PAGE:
To be opened after the deaths of: Cedric Diggory
Chang Cho Li
Professor Albus Dumbledore
Professor Pomona Sprout
And you'd better be damn sure Lord Voldemort really IS dead.
This command is backed up by an extremely unusual lock which no key can fit and no known charm can unlock. Fortunately for posterity, the fabric of the box itself was not quite so well protected.
I suppose this is a good time to tell the truth. I'm an old man now. I've had a long life well away from England and after sixty years it's likely that He-Who-Must-Not-Be-Named is properly dead this time. The news here, such as it is, said Potter killed him in 1998. Potter 'killed' him in 1981 as well; see how much that helped us. Anyway, nobody and nothing can touch me now, so it can't hurt to tell the real story about the 83rd Triwizard Tournament, the return of the greatest Dark Lord the world has ever seen (right before my eyes), and my survival by ducking, playing dead and running like hell, things no one would expect of a Triwizard Champion. I sometimes wonder what Potter did with my share of the cash. Probably gave it all to starving orphans or something, the honourable little twit. But I digress.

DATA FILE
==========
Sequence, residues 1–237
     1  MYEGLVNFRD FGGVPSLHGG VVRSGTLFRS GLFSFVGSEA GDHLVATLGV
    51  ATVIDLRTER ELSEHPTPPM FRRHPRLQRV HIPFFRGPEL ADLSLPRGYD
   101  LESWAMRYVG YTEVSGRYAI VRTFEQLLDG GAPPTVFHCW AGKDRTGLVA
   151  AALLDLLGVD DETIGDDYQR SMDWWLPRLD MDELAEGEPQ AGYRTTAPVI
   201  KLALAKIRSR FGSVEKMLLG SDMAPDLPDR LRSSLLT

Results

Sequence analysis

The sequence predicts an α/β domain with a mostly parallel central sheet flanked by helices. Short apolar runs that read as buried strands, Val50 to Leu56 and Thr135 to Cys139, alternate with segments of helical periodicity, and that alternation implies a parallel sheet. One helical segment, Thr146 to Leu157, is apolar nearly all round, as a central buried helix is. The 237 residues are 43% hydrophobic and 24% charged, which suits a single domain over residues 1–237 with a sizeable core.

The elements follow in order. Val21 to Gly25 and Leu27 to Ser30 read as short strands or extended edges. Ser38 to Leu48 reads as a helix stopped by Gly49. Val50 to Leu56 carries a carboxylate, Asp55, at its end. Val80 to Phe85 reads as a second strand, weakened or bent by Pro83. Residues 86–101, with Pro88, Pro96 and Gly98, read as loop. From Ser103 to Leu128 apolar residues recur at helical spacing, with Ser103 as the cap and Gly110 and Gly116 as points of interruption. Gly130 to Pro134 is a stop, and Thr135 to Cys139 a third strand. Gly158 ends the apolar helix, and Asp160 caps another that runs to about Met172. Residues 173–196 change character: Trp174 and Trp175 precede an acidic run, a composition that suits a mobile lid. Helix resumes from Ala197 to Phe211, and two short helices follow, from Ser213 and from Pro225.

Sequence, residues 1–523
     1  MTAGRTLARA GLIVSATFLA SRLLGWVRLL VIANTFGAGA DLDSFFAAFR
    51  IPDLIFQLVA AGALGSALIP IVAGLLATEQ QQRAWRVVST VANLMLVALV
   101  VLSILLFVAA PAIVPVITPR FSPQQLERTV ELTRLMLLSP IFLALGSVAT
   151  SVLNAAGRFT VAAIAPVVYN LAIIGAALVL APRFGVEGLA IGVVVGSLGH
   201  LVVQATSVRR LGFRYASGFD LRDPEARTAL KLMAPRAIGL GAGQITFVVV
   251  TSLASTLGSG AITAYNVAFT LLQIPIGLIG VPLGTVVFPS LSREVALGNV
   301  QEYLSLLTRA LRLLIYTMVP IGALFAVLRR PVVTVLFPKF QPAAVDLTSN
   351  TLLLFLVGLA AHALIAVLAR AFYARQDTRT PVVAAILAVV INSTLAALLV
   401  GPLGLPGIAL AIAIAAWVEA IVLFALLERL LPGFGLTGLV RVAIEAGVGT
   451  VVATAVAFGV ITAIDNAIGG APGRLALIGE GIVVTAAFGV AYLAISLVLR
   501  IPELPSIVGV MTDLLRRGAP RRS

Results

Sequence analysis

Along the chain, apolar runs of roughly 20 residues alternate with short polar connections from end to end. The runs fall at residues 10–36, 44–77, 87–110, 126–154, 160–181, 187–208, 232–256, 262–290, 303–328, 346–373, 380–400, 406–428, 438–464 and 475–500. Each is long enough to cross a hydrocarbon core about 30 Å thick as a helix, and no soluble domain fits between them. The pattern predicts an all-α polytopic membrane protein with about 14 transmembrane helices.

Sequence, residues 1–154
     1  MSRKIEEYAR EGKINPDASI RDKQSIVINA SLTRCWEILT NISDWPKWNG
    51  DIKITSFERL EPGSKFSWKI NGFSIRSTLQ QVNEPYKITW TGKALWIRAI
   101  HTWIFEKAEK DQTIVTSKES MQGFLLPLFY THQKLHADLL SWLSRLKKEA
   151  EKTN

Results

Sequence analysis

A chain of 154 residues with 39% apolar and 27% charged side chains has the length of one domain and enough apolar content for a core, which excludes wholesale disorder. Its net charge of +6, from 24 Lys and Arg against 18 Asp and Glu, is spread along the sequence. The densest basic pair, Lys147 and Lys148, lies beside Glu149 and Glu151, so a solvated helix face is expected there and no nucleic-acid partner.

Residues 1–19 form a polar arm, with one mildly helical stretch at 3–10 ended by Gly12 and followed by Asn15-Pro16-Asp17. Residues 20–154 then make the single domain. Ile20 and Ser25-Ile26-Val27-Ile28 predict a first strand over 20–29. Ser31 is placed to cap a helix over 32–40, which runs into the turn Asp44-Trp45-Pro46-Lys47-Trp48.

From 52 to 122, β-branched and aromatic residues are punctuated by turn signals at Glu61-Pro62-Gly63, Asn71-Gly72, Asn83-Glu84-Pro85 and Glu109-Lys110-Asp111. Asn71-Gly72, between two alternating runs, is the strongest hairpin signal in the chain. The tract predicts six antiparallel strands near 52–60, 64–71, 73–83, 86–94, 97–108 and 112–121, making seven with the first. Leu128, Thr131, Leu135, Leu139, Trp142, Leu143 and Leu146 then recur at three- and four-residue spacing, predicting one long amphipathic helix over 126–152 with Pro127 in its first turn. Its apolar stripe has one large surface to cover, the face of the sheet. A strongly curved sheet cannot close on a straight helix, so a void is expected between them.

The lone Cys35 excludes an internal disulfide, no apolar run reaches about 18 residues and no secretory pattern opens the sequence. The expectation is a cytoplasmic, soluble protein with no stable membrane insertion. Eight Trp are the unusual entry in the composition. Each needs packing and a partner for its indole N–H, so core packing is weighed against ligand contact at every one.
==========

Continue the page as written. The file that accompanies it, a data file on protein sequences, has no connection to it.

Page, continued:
Nobody was more surprised than I when I was selected as Hogwarts Champion. Everyone knew I only had two talents, Charms and flying - to which I'd quite like to add charming the flighty. In that subject, my record is long and distinguished. For academic references, consult Beauxbatons' classes of 1994 to 1996, and don't be surprised when they pronounce my name 'Sade-reek.' Sounds ridiculous, but I can tell you it's not nearly as bad when it's coming from a Veela1 with legs up to...